The second theodicy made available by a lower theology is Jack Miles’ more charitable version of Carl Jung’s Answer to Job. In God, a Biography, Miles makes heavy weather of the fact that God’s bluster at the end of the Book of Job is the last word He utters in the Hebrew Bible. Job’s silence silences God. He doesn’t speak again until He presents His son Jesus to be baptized by John at the river Jordan. God blustered with Job because He was embarrassed. And what He’s been doing in the interim is thinking long and hard about what He might say to Job to replace that bluster. Thus by the Cross God hopes to reconcile not humanity to Himself, but Himself to humanity.

But Miles takes great pains to point out that Job is not of the House of Israel. The Christ event can be God’s apology to Job, but it can’t be His apology to Elie Wiesel or Primo Levy. Why not? Because of His promise to make Abraham’s children as numerous as the stars. It’s in response to that broken promise that the Children’s Memorial at Yad Vashem is a deadly silent “Fuck you!” to God. Why? Because even supposing that for whatever reason God didn’t save those children – including that, not unlike the mother who couldn’t make taffeta impervious to mud, He couldn’t save them – He would have known this, and so He had no business entering into Covenant with Abraham in the first place. So at the very least God entered that Covenant fraudulently. 

Yad Vashem denies God the moral high ground. It levels the moral playing field. It tells us that He’s in moral training no less than we are. The utterly gratuitous drowning of all but a handful of His creatures? The slaughter of the equally innocent first-born of Egypt? Much as our moral record is nothing to brag about, God’s doesn’t seem to be a whole lot better. 

But how could it be otherwise? Not unlike love and hatred and envy and compassion, morality is an emergent property of our being with others, others who are, in important ways, like ourselves. None of these things – love, anger, envy, pity – would have had any meaning prior to God having created these others. But neither would they have had any prior to His having encountered these others, and encountered them as others. The mere fact of my having sired my son entitles me to nothing. That God sired us entitles Him to nothing more.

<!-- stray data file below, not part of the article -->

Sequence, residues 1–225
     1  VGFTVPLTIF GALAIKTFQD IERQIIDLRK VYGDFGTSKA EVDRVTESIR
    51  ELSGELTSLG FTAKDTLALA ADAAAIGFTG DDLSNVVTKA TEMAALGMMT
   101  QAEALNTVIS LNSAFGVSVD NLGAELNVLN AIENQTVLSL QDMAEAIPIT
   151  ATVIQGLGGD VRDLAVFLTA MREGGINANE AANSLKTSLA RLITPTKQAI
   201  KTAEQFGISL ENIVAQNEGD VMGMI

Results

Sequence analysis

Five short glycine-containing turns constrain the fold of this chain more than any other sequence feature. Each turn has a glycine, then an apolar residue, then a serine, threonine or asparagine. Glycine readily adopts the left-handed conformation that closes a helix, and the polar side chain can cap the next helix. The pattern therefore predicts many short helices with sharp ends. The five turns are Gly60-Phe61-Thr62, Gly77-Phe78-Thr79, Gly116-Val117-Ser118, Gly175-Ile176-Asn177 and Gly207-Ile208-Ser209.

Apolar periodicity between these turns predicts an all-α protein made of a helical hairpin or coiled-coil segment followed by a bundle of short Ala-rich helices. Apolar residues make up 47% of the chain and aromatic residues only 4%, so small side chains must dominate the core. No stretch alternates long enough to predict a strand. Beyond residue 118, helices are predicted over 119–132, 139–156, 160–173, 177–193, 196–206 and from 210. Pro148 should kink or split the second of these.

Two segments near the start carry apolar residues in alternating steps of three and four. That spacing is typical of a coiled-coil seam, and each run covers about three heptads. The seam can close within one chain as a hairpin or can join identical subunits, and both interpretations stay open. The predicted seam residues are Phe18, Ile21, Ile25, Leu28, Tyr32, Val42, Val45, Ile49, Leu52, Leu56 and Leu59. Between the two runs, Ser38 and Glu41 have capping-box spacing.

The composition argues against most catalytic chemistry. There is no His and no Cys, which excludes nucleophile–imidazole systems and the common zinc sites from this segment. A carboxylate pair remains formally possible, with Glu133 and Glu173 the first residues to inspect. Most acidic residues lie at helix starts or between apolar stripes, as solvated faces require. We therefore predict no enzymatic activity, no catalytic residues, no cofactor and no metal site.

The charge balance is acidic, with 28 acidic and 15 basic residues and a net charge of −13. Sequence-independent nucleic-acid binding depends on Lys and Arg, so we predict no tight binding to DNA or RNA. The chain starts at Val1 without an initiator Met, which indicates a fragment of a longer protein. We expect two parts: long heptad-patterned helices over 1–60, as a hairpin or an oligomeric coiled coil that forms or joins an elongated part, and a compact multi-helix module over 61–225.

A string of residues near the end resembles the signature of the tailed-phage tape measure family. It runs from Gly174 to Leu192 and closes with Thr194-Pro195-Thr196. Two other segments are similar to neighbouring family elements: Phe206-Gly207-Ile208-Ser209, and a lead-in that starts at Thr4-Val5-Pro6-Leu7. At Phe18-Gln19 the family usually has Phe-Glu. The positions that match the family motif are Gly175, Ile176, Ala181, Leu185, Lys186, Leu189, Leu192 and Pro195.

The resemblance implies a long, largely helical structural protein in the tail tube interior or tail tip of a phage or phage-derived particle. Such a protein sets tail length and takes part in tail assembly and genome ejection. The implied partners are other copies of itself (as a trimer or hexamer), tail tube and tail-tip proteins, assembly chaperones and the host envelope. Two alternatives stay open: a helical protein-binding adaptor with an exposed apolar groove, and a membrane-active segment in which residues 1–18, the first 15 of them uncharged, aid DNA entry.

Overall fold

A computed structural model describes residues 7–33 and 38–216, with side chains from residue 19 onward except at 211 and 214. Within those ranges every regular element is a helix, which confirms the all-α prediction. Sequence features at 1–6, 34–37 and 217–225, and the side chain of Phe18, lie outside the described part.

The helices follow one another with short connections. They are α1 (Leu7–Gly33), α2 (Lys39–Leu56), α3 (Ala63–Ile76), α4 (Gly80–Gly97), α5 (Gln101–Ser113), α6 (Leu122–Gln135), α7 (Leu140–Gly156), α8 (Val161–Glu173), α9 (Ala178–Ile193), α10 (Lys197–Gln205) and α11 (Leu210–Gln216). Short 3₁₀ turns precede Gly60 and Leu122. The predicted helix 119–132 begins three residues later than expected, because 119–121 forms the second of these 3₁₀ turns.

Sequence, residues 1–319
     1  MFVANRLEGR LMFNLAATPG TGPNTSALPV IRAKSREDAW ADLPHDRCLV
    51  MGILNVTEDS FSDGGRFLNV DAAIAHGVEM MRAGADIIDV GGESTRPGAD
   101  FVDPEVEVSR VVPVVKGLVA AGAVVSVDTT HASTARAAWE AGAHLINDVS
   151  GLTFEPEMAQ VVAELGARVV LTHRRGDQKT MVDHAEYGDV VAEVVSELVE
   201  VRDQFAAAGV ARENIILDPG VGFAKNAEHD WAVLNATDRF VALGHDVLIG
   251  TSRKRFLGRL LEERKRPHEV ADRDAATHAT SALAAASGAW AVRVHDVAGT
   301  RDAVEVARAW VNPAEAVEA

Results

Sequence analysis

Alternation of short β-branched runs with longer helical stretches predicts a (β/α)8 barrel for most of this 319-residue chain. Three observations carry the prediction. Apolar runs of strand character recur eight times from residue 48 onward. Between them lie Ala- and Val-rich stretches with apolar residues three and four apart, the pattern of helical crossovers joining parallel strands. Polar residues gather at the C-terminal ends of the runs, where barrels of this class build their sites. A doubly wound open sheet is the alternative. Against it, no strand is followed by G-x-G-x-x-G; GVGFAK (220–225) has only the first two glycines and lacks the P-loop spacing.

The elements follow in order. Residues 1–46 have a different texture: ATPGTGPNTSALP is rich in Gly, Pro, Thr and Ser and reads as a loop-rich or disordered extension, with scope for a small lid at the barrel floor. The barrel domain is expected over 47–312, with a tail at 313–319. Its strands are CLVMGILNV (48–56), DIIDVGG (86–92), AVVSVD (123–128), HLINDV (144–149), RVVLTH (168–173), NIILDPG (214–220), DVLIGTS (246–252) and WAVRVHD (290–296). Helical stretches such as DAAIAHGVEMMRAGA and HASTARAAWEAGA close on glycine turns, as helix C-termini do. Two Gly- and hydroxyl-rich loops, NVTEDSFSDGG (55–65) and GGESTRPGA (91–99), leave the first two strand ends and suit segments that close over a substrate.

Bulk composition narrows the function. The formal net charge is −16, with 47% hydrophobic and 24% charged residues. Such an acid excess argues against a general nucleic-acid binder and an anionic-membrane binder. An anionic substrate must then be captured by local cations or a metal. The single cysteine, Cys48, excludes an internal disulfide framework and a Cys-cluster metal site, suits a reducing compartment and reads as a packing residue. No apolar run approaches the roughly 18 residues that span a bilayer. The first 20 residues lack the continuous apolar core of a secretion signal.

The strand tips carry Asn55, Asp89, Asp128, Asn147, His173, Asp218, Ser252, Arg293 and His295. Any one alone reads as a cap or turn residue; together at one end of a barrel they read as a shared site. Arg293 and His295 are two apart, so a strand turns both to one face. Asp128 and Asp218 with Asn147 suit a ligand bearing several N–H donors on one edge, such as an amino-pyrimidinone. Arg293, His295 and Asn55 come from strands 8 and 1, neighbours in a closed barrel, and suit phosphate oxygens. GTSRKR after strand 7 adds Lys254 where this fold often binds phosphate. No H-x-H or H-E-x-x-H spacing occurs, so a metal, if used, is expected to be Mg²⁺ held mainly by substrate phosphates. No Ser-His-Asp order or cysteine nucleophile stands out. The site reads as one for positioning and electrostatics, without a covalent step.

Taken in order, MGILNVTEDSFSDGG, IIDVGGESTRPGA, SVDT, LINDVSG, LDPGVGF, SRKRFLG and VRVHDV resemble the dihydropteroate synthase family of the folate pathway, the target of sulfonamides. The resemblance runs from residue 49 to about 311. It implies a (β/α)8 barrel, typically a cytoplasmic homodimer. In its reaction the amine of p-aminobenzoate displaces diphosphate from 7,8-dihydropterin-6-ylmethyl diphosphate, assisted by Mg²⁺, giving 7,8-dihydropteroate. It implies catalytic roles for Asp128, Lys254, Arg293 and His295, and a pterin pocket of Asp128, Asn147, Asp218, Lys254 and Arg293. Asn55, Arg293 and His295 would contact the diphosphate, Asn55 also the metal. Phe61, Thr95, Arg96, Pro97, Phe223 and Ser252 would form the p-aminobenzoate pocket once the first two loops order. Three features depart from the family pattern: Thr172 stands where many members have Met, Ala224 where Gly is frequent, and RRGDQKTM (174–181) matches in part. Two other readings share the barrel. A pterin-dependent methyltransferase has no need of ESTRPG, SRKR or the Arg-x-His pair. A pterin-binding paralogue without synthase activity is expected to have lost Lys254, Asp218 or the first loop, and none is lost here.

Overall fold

Before I had a child – I too was a single parent, by the way – the last place I’d have wanted to go on vacation was Disneyland. Afterwards I wanted to go there because he wanted to. Having a child changes you. And having us changed God. 

In raising my son did I get what I wanted? The question makes no sense to me. Maybe it makes sense to God, but I doubt it. If what I wanted was someone to glorify me, I was in for a rude awakening. I think God has been adjusting to that awakening since that day in the Garden. I think that whatever He might have originally wanted, like me He ended up wanting what He got. 

None of this makes God worthy of worship, but it does make Him worthy of relationship. A God Who cares not what I think of Him is not a God about Whom I care to think. I think God knows this. That’s why we talk. And a God Who doesn’t need me for His projects is not a God I need for mine. That explains what we talk about

And that’s where the theodical rubber hits the road.

Change of topic, seemingly but not really.

The summer before that first Metaphysics conference I was at a conference at a university in Tel Aviv. The only Palestinian I saw there was an elderly char women, bussed in every morning from the West Bank, and bussed back out again every evening – two hours each way, I was told – once she’d finished cleaning our toilets. Apparently Hagar is still maidservant to Abraham and Sarah when needed, and cast into the wilderness with her bastard son, Abraham’s first-born, when she’s not. I can’t say that before then I’d been proud to be Jewish. I outgrew those kinds of sentiments when I was twelve. But I didn’t think it possible to be ashamed either. I was wrong.